Clear
23°
Clear
Hi 53° | Lo 30°

Metal Comes To Life

Barnard Blacksmith Inhabits Two Worlds

  • Blacksmith Greg Clasby pounds a piece of iron to make a bottle opener with a leaf ornament in his Living Iron Forge in Barnard Thursday, October 3, 2013. Clasby, who defines himself as a nerd, got interested in blacksmithing as a kid going to rennaissance fairs and eventually tried his hand at making his own knife.<br/>(Valley News - James M. Patterson)

    Blacksmith Greg Clasby pounds a piece of iron to make a bottle opener with a leaf ornament in his Living Iron Forge in Barnard Thursday, October 3, 2013. Clasby, who defines himself as a nerd, got interested in blacksmithing as a kid going to rennaissance fairs and eventually tried his hand at making his own knife.
    (Valley News - James M. Patterson)

  • An order of drawer pulls still to be finished sits on the work table of blacksmith Greg Clasby in Barnard Thursday, October 3, 2013.<br/>(Valley News - James M. Patterson)

    An order of drawer pulls still to be finished sits on the work table of blacksmith Greg Clasby in Barnard Thursday, October 3, 2013.
    (Valley News - James M. Patterson)

  • "Making presents from the past for the future," has been written by Clasby on the rack that holds his hammers and other tools in Barnard, Vt. Thursday, October 3, 2013.<br/>(Valley News - James M. Patterson)

    "Making presents from the past for the future," has been written by Clasby on the rack that holds his hammers and other tools in Barnard, Vt. Thursday, October 3, 2013.
    (Valley News - James M. Patterson)

  • A recently completed dragon bottle opener sits next to another in progress in Greg Clasby's Living Iron Forge in Barnard Thursday, October 3, 2013.<br/>(Valley News - James M. Patterson)

    A recently completed dragon bottle opener sits next to another in progress in Greg Clasby's Living Iron Forge in Barnard Thursday, October 3, 2013.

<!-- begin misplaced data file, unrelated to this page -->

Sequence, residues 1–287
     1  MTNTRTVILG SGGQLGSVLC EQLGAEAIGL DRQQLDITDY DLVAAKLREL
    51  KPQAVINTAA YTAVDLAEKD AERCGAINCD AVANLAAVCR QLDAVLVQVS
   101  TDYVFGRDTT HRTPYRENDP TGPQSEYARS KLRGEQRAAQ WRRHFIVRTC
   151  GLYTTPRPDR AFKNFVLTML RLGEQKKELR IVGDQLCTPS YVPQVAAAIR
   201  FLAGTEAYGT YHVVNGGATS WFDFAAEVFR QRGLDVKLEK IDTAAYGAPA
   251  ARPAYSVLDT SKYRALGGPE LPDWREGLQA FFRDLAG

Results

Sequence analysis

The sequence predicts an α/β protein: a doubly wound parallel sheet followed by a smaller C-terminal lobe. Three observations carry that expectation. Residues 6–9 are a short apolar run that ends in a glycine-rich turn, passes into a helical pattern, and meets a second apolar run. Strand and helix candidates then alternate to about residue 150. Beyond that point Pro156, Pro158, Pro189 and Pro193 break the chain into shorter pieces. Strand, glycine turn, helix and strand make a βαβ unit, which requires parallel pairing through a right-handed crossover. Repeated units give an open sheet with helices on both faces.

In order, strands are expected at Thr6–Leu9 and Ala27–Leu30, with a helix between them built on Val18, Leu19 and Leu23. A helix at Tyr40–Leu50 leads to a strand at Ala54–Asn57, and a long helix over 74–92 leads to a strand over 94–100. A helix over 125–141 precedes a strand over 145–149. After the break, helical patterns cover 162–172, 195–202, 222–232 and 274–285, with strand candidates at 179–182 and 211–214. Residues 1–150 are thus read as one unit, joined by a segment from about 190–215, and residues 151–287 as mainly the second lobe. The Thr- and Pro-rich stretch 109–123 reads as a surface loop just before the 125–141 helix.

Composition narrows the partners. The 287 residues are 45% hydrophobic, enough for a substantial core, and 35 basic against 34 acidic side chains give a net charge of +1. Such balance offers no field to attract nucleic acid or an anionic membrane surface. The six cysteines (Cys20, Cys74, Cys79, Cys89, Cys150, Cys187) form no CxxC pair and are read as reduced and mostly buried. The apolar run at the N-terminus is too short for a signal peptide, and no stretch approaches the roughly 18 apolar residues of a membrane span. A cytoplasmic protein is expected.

(Valley News - James M. Patterson)

  • Blacksmith Greg Clasby refines the detail on the head of a dragon that will adorn one of his bottle openers at his Living Iron Forge in Barnard earlier this month. "I make antiques, because I want whatever I make to still be here in 500 years," said Clasby.  <br/>Valley News - James M. Patterson

    Blacksmith Greg Clasby refines the detail on the head of a dragon that will adorn one of his bottle openers at his Living Iron Forge in Barnard earlier this month. "I make antiques, because I want whatever I make to still be here in 500 years," said Clasby.
    Valley News - James M. Patterson

  • Blacksmith Greg Clasby pounds a piece of iron to make a bottle opener with a leaf ornament in his Living Iron Forge in Barnard Thursday, October 3, 2013. Clasby, who defines himself as a nerd, got interested in blacksmithing as a kid going to rennaissance fairs and eventually tried his hand at making his own knife.<br/>(Valley News - James M. Patterson)
  • An order of drawer pulls still to be finished sits on the work table of blacksmith Greg Clasby in Barnard Thursday, October 3, 2013.<br/>(Valley News - James M. Patterson)
  • "Making presents from the past for the future," has been written by Clasby on the rack that holds his hammers and other tools in Barnard, Vt. Thursday, October 3, 2013.<br/>(Valley News - James M. Patterson)
  • A recently completed dragon bottle opener sits next to another in progress in Greg Clasby's Living Iron Forge in Barnard Thursday, October 3, 2013.<br/>(Valley News - James M. Patterson)
  • Blacksmith Greg Clasby refines the detail on the head of a dragon that will adorn one of his bottle openers at his Living Iron Forge in Barnard earlier this month. "I make antiques, because I want whatever I make to still be here in 500 years," said Clasby.  <br/>Valley News - James M. Patterson

In his Barnard shop, lit by fire from his forge and by autumn sunlight pushing through his window, Greg Clasby is building a dragon.